The Shadow Sun Review

A whole lot of RPG for your pocket

As Santa once said, good things come to those who wait. Wait, maybe that wasn’t Santa. In any case, mobile gamers have been patiently anticipating The Shadow Sun, a fantasy RPG from Ossian Studios, since it was announced back in 2010. Slowly but surely it’s now made it to release, but has it aged like fine wine or like damp bread in the meantime? Read on, adventurers!

One big strength of The Shadow Sun is showcased right off the bat. I’m not talking about the dramatic soundtrack that starts as soon as you first fire it up (though that’s nice too), but the extremely flexible character creation system. After picking your gender and a handful of appearance options, you get down to the nitty gritty with several points to put into attributes and skills.

The effects of the six attributes are well-explained, and while there’s no class system per se, making smart choices can help tailor your character to your desired play style. You might go heavy on Strength and Endurance if you fancy a warrior type who can wield two-handed weapons and wear heavy armor, or specialize in Intelligence for magic use. Charisma might be my favorite; higher scores can actually add dialogue options when you interact with NPCs.

Similarly, you can pick from a wide range of weapons skills, rogue abilities and magic when you spend skill points. The number of combinations is really sweet, and the game gives you plenty of save slots in case you want to experiment with multiple builds. There are some intriguing non-combat options, including pickpocketing, bartering and intimidation, and the game rewards you for using these to get out of some fights. But the best part is that you aren’t locked into any of your original choices, as you can always spend points later after leveling up to go in a different direction.

Whatever you decide, you’ll need to get the hang of things quickly to survive amidst the intrigue that surrounds you in the Golden City of Shar. A plague has fallen over the land, and the king has sent you to get to the bottom of it before forces with different agendas tear it apart. The gameplay flows pretty nicely in and out of cinematic screens, and there are some twists and turns in the plot even in the first hour or two.

The Shadow Sun

Combat was a constant subject of speculation during the development of The Shadow Sun, and Ossian ended up going with a fairly simple real time system that has its good and bad points. The bad is mostly due to the virtual thumbstick movement combined with the fact that you need to use your other hand to swipe to change which direction you are looking. Everything else works pretty well, as there’s a context-sensitive action button in the lower-right along with quickbars for abilities and items. Holding the button down can block attacks, plus you can always retreat to the proper range to use bows, spells, etc.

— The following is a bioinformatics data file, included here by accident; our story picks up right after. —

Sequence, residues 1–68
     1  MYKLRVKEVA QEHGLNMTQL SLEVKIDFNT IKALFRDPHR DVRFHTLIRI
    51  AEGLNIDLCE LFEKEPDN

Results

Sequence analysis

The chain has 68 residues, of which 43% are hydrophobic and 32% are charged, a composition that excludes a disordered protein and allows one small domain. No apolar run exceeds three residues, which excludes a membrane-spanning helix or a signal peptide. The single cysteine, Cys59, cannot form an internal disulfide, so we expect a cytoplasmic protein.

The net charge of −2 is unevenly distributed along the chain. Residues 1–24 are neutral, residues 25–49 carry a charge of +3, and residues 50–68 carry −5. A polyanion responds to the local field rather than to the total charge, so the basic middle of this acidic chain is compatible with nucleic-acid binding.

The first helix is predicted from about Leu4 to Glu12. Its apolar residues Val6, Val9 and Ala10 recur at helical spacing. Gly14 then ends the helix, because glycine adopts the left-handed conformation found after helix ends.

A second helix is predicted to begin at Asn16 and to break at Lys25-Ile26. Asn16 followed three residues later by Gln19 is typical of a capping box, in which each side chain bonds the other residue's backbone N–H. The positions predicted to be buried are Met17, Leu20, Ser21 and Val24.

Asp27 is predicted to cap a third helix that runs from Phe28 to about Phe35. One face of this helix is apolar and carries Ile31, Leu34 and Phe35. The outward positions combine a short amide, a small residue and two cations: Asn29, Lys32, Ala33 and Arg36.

You also don’t have to fight alone thanks to a companion system reminiscent of The Old Republic or Neverwinter. Throughout your journeys, you’ll have access to several NPCs to choose as companions, each with their own attack and support abilities (healing, mana regeneration, enemy debuffs, and so on). The action can be paused during combat just by pressing the companion button in the upper-left corner, allowing you to switch between their abilities on the fly. The AI for the companions is solid, almost always leading them to do what you’d expect.

The rest of the interface is something of a mixed bag. It took me a while to find the map, for instance, which was helpful but required multiple taps to access. Quest-givers are clearly marked, but the game doesn’t point you directly to your objective – and that seems to be by design, which should make a lot of RPG fans who dislike easy games pretty happy. In fact it’s easy to end up dying often by blundering into situations you aren’t ready for, and it pays to heed the advice of other characters when they warn you of danger. And again, there are plenty of save slots, so don’t be afraid to use them.

The Shadow Sun

I’ve already mentioned the excellent soundtrack, but the graphics may have suffered a bit from the prolonged development process. They’re fully 3D and rendered in Unity, resulting in some really nice-looking backdrops and landscapes. A lot of detail clearly went into each room and outdoor location. It’s the character models that aren’t quite as sharp, and humans and monsters alike are a bit blockier and more pixelated than you would expect. The necks of some characters are especially strange – there’s just something off about them – and sometimes equipped gear doesn’t look like it’s sitting on your character correctly.

Ossian says there is about 10-15 hours of content in The Shadow Sun, and though I didn’t get through it all for this review, I saw enough to say there aren’t too many games like this on iOS right now. Despite some mildly rough edges, there’s plenty here to recommend. And yes, it was largely worth the wait.

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